In November, reports of a mysterious, coded message dating back to World War II found tied to the leg of a dead carrier pigeon in a U.K. home's chimney was stumping intelligence officials. But now a Canadian man said he was able to decode the message in 17 minutes, according to BBC.
Gord Young of Peterborough, Ontario, was reportedly able to crack the code using a code book he inherited. He found the message provides details from a British paratrooper about the location of Germans, the Daily Telegraph reported.
74-year-old David Martin found the pigeon bones with the message in a container in his chimney. (Image: CBS video screenshot)
BBC reported a spokesman for the Government Communications Headquarters saying it will maintain its Nov. 22 statement that the message is "impossible to decrypt" without the right codebook, but they're happy to look at the solution Young thinks he found.
Young on the other hand told BBC, "folks are trying to over-think this matter" and that "it's not complex."
Here's how the message in its original state reads, according to the Telegraph:
AOAKN HVPKD FNFJW YIDDC
RQXSR DJHFP GOVFN MIAPX
PABUZ WYYNP CMPNW HJRZH
NLXKG MEMKK ONOIB AKEEQ
WAOTA RBQRH DJOFM TPZEH
LKXGH RGGHT JRZCQ FNKTQ
KLDTS FQIRW AOAKN 27 1525/6
(Image: CBS video screenshot)
The Telegraph reported that the message is from Sergeant William Stott in German-occupied Normandy. The message sent from Stott was intended for HQ Bomber Command at RAF High Wycombe. Here's Young's translation of the coded message:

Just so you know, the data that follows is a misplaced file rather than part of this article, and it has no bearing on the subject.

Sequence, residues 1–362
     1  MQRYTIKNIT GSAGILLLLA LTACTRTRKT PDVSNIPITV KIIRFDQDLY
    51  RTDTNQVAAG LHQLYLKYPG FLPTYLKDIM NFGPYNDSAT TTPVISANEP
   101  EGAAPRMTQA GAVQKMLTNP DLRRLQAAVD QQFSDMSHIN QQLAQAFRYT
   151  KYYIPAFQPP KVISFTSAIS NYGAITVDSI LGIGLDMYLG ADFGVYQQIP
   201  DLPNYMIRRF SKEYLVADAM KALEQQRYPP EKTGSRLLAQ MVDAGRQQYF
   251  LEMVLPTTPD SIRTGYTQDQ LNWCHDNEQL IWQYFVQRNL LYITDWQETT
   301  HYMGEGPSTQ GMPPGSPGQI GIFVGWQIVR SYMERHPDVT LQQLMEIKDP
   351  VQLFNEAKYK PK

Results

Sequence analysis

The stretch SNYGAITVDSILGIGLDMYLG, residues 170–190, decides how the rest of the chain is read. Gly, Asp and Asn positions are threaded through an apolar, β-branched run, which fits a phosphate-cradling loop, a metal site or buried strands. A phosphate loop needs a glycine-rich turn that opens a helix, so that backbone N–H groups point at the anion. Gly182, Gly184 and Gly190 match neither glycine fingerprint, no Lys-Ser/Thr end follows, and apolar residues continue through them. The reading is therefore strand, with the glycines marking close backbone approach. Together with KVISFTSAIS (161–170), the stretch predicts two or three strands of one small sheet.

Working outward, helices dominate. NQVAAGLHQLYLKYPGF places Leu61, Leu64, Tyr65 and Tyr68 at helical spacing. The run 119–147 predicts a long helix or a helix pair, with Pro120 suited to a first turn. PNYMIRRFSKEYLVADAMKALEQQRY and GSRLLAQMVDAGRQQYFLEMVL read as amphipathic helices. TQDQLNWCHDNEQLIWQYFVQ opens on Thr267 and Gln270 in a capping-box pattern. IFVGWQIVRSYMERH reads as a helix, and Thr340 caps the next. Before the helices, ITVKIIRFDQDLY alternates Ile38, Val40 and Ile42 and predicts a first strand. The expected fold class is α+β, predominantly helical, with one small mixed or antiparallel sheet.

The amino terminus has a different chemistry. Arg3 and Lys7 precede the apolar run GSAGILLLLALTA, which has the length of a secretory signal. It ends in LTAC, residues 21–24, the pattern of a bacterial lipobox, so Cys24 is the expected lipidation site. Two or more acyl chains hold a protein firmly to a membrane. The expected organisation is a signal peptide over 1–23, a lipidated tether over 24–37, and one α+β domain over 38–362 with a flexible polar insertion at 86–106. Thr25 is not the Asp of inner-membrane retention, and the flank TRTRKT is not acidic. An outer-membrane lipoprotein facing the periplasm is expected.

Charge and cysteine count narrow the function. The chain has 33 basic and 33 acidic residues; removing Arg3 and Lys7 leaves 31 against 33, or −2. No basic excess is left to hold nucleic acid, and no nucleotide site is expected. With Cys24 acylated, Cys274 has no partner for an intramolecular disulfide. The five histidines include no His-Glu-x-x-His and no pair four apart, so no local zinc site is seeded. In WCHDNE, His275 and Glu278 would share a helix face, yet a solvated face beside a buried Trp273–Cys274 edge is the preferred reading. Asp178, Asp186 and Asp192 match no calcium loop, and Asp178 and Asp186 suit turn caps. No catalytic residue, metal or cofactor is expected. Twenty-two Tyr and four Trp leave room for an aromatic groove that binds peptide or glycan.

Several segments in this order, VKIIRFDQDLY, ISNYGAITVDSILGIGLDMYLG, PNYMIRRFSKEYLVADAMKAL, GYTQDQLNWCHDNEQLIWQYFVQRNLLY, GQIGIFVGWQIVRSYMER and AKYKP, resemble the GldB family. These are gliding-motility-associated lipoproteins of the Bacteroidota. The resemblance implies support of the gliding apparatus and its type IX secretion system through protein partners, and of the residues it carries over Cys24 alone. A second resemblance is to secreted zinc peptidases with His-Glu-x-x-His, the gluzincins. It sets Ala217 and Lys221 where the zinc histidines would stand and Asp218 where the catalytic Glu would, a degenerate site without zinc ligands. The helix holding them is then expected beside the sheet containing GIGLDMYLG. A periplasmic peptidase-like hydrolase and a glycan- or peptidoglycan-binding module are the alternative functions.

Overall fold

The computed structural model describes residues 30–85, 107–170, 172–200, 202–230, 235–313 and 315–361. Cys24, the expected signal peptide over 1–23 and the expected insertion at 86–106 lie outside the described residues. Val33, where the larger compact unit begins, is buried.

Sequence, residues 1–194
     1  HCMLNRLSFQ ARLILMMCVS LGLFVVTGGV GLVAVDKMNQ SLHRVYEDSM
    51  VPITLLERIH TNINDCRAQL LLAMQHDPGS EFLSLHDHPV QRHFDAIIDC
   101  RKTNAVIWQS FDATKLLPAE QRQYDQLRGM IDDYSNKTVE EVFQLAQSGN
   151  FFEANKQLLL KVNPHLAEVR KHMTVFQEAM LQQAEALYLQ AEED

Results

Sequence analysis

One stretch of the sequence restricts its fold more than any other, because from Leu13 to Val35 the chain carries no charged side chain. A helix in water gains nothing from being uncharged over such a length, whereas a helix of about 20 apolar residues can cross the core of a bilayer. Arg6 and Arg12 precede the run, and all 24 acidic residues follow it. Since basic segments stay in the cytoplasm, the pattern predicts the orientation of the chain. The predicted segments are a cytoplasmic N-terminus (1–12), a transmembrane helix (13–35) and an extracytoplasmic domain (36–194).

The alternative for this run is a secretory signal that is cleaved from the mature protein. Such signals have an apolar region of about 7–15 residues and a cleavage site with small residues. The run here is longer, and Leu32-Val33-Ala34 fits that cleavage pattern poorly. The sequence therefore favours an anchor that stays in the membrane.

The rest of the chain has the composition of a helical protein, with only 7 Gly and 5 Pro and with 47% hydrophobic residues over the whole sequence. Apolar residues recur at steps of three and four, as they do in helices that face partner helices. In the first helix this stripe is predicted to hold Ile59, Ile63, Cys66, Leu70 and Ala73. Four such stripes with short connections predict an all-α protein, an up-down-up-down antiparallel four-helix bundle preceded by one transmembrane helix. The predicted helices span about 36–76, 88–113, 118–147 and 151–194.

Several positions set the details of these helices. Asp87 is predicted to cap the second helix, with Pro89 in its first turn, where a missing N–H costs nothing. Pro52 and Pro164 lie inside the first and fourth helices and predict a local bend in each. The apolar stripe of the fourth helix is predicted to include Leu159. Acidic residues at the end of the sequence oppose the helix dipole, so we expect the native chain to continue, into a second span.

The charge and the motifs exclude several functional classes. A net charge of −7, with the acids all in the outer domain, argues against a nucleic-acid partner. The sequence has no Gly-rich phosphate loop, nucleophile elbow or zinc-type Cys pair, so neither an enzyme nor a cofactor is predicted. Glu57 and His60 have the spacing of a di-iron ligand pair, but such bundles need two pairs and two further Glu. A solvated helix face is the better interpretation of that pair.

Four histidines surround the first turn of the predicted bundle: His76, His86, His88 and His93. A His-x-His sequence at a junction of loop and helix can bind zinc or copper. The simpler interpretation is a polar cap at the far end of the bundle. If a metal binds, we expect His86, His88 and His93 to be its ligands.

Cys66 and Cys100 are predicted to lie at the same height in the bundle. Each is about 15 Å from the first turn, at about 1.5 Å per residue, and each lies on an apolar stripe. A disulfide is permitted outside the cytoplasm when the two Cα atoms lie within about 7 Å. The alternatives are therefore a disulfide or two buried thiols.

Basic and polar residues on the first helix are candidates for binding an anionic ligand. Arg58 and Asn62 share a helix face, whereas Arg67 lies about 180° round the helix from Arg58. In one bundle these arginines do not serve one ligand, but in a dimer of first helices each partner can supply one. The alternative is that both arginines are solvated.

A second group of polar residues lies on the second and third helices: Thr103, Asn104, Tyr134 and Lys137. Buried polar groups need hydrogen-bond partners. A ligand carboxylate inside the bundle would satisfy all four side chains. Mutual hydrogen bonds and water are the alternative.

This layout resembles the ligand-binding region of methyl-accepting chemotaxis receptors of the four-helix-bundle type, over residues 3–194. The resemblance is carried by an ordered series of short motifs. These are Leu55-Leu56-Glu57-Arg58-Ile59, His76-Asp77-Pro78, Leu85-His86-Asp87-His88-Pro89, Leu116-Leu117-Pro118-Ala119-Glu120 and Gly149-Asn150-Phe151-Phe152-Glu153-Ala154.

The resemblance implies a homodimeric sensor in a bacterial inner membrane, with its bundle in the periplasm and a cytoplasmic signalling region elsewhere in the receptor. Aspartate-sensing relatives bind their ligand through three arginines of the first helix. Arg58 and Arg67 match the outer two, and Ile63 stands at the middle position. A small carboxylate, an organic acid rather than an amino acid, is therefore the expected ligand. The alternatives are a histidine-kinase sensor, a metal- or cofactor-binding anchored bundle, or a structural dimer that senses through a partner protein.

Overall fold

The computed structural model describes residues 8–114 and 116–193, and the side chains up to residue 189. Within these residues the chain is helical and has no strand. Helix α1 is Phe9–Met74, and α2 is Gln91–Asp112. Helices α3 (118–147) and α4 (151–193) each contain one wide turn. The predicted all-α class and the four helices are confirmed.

"Artillery observer at 'K' Sector, Normandy. Requested headquarters supplement report. Panzer attack - blitz. West Artillery Observer Tracking Attack.
"Lt Knows extra guns are here. Know where local dispatch station is. Determined where Jerry's headquarters front posts. Right battery headquarters right here.
"Found headquarters infantry right here. Final note, confirming, found Jerry's whereabouts. Go over field notes. Counter measures against Panzers not working.
"Jerry's right battery central headquarters here. Artillery observer at 'K' sector Normandy. Mortar, infantry attack panzers.
"Hit Jerry's Right or Reserve Battery Here. Already know electrical engineers headquarters. Troops, panzers, batteries, engineers, here. Final note known to headquarters."
Young told the Telegraph that the message itself, although in readable English now, might have still been confusing in case German's obtained it.
More than 250,000 birds were part of the National Pigeon Service in WWII, flying at up to 80 miles per hour for as far as 1,000 miles, according to the Telegraph.
Here's the CBS report about the message from earlier this month: